By Thomas E. Ricks and Sudarsan Raghavan
Washington Post Staff Writers
Friday, December 22, 2006
BAGHDAD, Dec. 21 -- Prime Minister Nouri al-Maliki told visiting Defense Secretary Robert M. Gates that he would let U.S. generals decide whether there is a need for a "surge" in U.S. troops deployed in Iraq, according to Iraqi officials with knowledge of the meeting.
In a news conference, Gates said his conversation with the Iraqi prime minister and defense minister included "no numbers. . . . We were really talking in broader terms."
Iraqi Defense Minister Abdul Qadir Muhammed Jassim later indicated general acceptance of an idea that has emerged as one of the chief options President Bush is considering as he reevaluates Iraq policy. "I did not say no to an increase in the number of U.S. troops," Qadir said in a brief interview after the meeting at Maliki's residence in the Green Zone. "If we need it, we need it."
But after seeing Gates, Maliki met with Shiite Muslim members of his alliance, in a session where divisions unfolded over whether more U.S. troops were needed, said Sami al-Askari, a Shiite member of parliament who is close to Maliki. Askari, who attended the second meeting, said there was a general feeling that "there's no need for further troops."
Gates said that during his meeting with Maliki, he "emphasized . . . the steadfastness of American support" for Iraq. The message he heard back from Maliki, he said, was that the Iraqi government wants to take the lead role in solving the country's security problems -- including in the most violent zones in and around Baghdad.
According to a statement issued by the prime minister's office, Maliki told Gates that Sunni Arab insurgents and loyalists of Saddam Hussein's former Baath Party were behind the violence unfolding in the capital.
Maliki spoke in general terms about the Baghdad security plan he has developed, saying Iraqi forces were working with U.S. troops to enact the plan "according to a new vision," the statement said. Maliki's close advisers say he has proposed a two-pronged strategy in which U.S. troops would target Sunni Arab insurgents in outer Baghdad neighborhoods for four to eight weeks, while Iraqi forces would take over control of inner Baghdad.
Maliki would also launch a political offensive, which would include threats of force, to persuade radical cleric Moqtada al-Sadr to agree to contain his Mahdi Army militia during the operation.
Gates has billed his trip to Iraq, launched the day after he became defense secretary earlier this week, as key to formulating his recommendations for Bush on how to reshape the U.S. approach in Iraq. But in his public comments, he gave little indication of how his two days of talks here so far with generals, enlisted soldiers and Iraqi officials have affected his views.
He had breakfast Thursday with more than a dozen enlisted soldiers who were less bashful. Along with his scrambled eggs and hash browns, Gates got an earful about the need for more personnel.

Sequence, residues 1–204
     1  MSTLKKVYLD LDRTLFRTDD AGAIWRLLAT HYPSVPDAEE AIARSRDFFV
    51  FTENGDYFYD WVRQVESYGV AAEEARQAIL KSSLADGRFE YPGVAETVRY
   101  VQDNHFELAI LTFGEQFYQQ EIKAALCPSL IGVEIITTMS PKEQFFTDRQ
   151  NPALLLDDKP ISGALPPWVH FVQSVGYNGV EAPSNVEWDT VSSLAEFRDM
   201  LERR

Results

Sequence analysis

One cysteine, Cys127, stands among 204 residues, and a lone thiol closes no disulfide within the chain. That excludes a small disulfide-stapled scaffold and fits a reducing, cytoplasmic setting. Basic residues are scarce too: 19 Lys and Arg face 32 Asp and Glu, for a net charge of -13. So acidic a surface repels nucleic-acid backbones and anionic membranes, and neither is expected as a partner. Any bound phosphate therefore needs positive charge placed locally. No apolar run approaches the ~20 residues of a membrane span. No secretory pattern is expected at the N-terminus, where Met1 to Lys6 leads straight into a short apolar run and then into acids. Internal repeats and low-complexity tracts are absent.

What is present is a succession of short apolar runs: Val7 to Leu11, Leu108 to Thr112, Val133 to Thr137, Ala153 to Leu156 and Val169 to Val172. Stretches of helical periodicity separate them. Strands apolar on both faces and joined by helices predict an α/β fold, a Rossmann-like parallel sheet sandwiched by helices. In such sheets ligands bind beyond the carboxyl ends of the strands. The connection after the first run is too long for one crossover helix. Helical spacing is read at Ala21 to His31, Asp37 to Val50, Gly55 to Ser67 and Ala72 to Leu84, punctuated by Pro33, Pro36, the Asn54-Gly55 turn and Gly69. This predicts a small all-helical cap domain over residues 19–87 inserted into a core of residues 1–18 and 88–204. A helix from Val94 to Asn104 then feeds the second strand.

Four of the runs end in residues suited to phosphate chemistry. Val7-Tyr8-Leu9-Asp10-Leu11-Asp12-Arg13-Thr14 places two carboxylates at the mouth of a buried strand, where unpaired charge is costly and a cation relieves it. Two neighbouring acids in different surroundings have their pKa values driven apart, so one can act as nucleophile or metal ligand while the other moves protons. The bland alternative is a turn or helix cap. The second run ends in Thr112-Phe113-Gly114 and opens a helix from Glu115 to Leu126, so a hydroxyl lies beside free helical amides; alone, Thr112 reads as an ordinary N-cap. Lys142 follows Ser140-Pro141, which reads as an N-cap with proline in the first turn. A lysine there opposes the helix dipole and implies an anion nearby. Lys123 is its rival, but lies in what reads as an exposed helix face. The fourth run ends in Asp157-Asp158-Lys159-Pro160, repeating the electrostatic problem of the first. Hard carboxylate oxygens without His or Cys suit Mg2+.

"I really think we need more troops here," said Spec. Jason Glenn, who said he operates an unmanned aerial vehicle in an intelligence unit in the 1st Infantry Division. He said he has noticed that when insurgents see a drone aircraft overhead, they simply lie low, "so I think more presence on the ground" is the answer.
"I think we do need more troops over here," agreed Pfc. Cassandra Wallace, a support soldier in the 10th Mountain Division. "More troops would help us integrate the Iraqi army into patrols here."
Asked later about his breakfast with the soldiers, Gates said he asked for their advice, and "they were not hesitant to give it." He dodged the question raised by their call for a boost in troop levels, saying, "Like most people on the front lines in a battle, they'd always like to have more forces."
There are about 140,000 U.S. soldiers in Iraq, and recently there has been an intense discussion inside the Bush administration about whether to increase that by roughly 30,000 troops for six months, to try to bring security to Baghdad.
"Some say 140,000 troops is quite enough to secure Iraq," said Askari, the Shiite politician allied with Maliki. "The problem is not in the number but in the way the security plan is conducted. The concept of trying to balance between a majority and minority in Iraq, and doing plans only if the minority accepts, is the issue. Some see this as the main problem with the plan. As long as the Americans don't change this tactic, adding more troops won't matter."
Other Shiite politicians at the meeting with Maliki said U.S. and Iraqi commanders should decide whether to increase U.S. troop levels, Askari said.
Late Thursday, the Associated Press reported that Sadr had agreed to allow his supporters to return to their positions in the government and end a three-week boycott of the government begun to protest Maliki's meeting with Bush last month. Nassar al-Rubaie, head of Sadr's parliamentary bloc, denied that account.
Askari said members of the Shiite alliance, a coalition of Shiite groups that leads the government, are planning to meet with Sadr to try to persuade him to end the boycott. Others want to take stronger action and demand that he denounce the Mahdi Army's involvement in sectarian strife.
"We have to solve this for good," Askari said. "We have to have him denounce the militias for good." He added that the meeting would dovetail with Maliki's effort to persuade Sadr to lay down his arms, provided the U.S. accepts the prime minister's security plan.
But Askari said it was still unclear whether Sadr would meet with the Shiite alliance members.